If you haven’t seen the Seine, you don’t know Paris. Like London, the French capital is one of those cities whose pulse reverberates along its river. The Seine’s banks are peppered with iconic Parisian monuments, like the Arc de Triomphe, Eiffel Tower and Louvre Museum. If your visit to Paris is brief, you can catch a glimpse of all these major sites on a Bateau Mouche boat. Or, on a longer trip, the boat trip’s a good way to get the lay of the land before you explore in more detail.
We tried out the Bateaux Mouches this summer, when D’s uncle invited us onto one for his 70th birthday. It was a short, joyous occasion. We took the Eurostar from London to Paris – such a short and painless journey that it’s even possible to do it as a day trip. D’s parents had hired the best Parisian accommodation: a 10-berth houseboat they found on Airbnb. The boat was within striding distance of the Eiffel Tower. We sat on deck on both the balmy evenings of our stay, while the Tower treated us to a twinkly light show every hour, its lights blinking on and off like a metallic Christmas tree.
The Bateau Mouche ride
The Bateaux Mouches all depart from the same place: close to the Pont de l’Alma on the Port de la Conférence. Depending on whether you’re on a sightseeing tour, a lunchtime cruise or evening dinner ride, the cruise time varies between an hour and ten minutes, and two hours and fifteen minutes. During the day, the Bateaux Mouches are full of casually dressed tourists, with a smart-casual code at lunchtime. You need to dress up for dinner, though. And who would object, to sail down one of the most romance-laden rivers in the world? If you’re looking for things to do in Paris at night, that has to be one of the best choices.
(Incidentally, you can order an on-board Bateau Mouche marriage proposal, ‘Get a Yes in Paris’, for the bargain price of €325. I wonder if they give you a discount if the answer is no?)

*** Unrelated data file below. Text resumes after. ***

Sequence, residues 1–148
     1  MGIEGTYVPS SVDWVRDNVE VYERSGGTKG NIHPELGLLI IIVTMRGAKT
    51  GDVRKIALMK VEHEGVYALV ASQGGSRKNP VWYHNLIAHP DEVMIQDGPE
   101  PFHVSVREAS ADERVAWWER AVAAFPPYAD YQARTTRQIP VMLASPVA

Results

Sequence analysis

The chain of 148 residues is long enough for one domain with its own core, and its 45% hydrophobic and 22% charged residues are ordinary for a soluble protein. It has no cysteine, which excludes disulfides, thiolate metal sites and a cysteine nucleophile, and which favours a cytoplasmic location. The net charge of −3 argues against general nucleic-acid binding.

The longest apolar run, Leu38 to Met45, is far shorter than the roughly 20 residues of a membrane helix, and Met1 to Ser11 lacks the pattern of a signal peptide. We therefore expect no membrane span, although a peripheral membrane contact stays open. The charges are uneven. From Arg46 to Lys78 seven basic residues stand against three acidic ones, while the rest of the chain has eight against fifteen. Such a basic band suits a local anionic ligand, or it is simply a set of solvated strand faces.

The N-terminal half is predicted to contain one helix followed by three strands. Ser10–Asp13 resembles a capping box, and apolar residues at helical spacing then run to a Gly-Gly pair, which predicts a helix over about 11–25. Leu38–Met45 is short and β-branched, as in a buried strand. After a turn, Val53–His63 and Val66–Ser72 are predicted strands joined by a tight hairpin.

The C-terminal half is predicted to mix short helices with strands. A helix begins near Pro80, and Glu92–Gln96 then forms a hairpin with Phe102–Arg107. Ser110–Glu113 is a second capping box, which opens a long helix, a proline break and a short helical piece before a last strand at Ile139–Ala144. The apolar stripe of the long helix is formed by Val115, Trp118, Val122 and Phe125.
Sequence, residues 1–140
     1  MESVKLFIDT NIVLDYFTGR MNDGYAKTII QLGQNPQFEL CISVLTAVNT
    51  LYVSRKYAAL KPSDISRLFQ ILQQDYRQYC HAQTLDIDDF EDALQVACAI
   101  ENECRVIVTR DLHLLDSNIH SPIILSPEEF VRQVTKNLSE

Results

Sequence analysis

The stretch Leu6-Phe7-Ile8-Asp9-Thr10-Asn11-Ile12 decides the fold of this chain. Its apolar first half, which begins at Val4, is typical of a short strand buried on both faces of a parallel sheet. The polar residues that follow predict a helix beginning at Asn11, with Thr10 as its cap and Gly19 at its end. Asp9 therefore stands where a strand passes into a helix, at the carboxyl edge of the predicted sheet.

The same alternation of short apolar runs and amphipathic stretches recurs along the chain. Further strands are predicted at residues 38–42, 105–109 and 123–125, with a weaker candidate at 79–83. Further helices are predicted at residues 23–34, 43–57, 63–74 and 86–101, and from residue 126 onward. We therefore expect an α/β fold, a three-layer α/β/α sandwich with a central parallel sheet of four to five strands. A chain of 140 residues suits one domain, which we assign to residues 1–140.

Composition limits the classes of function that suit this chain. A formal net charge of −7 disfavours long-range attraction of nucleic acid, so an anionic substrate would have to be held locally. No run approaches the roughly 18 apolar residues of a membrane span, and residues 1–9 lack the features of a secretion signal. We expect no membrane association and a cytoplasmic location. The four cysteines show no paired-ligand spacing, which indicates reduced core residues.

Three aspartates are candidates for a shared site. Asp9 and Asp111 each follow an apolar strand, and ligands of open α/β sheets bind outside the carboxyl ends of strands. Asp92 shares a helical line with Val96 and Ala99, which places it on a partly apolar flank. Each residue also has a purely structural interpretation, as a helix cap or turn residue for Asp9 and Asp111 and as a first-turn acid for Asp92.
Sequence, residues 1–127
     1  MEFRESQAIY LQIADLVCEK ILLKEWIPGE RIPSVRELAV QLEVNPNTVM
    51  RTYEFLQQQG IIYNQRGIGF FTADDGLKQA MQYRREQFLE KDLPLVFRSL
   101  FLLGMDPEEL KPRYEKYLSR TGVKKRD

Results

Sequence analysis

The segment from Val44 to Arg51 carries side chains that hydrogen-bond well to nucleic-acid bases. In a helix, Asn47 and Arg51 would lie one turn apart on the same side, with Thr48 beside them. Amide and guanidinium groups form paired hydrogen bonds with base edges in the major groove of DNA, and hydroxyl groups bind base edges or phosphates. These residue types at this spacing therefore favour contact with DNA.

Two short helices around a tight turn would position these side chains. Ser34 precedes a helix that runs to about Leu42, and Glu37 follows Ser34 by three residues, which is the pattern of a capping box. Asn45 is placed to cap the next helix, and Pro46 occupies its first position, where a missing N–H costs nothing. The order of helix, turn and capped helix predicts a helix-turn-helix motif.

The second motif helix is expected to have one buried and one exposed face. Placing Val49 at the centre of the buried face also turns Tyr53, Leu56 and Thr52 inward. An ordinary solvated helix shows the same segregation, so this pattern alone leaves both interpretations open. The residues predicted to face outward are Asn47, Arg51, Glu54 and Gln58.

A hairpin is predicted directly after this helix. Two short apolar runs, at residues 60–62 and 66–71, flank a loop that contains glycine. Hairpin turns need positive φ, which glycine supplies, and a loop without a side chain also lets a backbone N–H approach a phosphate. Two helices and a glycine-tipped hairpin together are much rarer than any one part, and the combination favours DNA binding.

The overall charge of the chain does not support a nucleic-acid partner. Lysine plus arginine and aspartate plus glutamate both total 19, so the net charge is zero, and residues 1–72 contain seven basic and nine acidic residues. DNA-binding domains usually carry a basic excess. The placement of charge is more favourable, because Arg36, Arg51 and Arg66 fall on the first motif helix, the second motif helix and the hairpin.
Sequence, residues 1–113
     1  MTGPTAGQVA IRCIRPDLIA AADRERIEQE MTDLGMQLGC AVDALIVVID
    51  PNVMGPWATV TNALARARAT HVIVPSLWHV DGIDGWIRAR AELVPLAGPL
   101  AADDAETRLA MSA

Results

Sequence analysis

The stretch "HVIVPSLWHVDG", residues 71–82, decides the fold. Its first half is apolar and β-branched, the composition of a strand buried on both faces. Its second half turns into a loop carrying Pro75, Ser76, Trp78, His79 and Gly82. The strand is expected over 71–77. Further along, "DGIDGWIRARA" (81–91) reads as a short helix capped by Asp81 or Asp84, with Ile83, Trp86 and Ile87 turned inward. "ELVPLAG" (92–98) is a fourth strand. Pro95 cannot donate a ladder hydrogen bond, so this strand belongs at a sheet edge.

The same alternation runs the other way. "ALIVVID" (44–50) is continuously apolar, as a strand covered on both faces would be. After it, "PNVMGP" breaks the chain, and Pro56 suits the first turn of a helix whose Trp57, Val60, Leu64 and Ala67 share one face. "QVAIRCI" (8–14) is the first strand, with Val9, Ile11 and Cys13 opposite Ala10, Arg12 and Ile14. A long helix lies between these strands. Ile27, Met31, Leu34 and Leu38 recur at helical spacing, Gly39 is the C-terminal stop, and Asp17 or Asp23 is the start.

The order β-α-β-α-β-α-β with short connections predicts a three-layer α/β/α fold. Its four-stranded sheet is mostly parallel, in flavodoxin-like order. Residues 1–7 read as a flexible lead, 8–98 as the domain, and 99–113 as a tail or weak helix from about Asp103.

Bateaux Mouches can also be hired for parties and private functions. There was no shortage of formal attire at D’s uncle’s bash, as you can see from the picture of us above. Kilts ahoy! Aftera bracing walk along the riverbank (thank heavens for comfortable M&S heels), we arrived in time to board our Bateau, to the soft tinkles of a piano, and the popping of Champagne corks.
The low-slung, beetle-like boat sailed up the river, down, and then back up again. We ate a three-course meal of pea and watercress soup, tender lamb (chicken for the children), and a pistachio dessert. Plenty of green food, to match the newly cleaned-up Seine. Although the river itself still isn’t safe for bathing, a push is on to make it clean enough for swimming in time for the 2024 Olympics. This summer saw Parisians swimming in the nearby La Villette canal for the first time in decades.
While we ate, our waiter discreetly pointed out landmarks. Marie Antoinette’s prison, the Conciergerie, appeared just as we were eating dessert. Not to be outdone in splendour, the Musée d’Orsay glided past in the background, when the party piano recital began. We sat on the Bateau’s shiny red seats and watched D’s uncle’s friends dance Flamenco. Then there was time to wander. We took our drinks up on deck, to toast the replica Statue of Liberty in the shadow of the Eiffel Tower.
Pros and cons of the trip
This was a blissfully simple trip, and I’d recommend the Bateaux Mouches to anyone wanting to sample the essence of Paris. For us living in London, the ease of Eurostar travel made it feel as straightforward as a jaunt to Leeds.
My one regret about this trip was the timing. It came at the end of the school term, but we had prior commitments back home a few days after the party. This meant we had to head straight back afterwards. Had the party happened a week or two later, we’d have hired a car in Paris, and driven south. Paris is so well-connected to other parts of the country, that a repeat of last year’s road trip would have been appealing.
But you can’t do everything in one summer. This time, we headed north instead, to the opposite extreme: Galloway Forest, where there are so few lights that it’s the best place in Scotland to see the stars.
But Paris: we’ll be back.
Pin for later:
This is a collaborative post. All views are my own.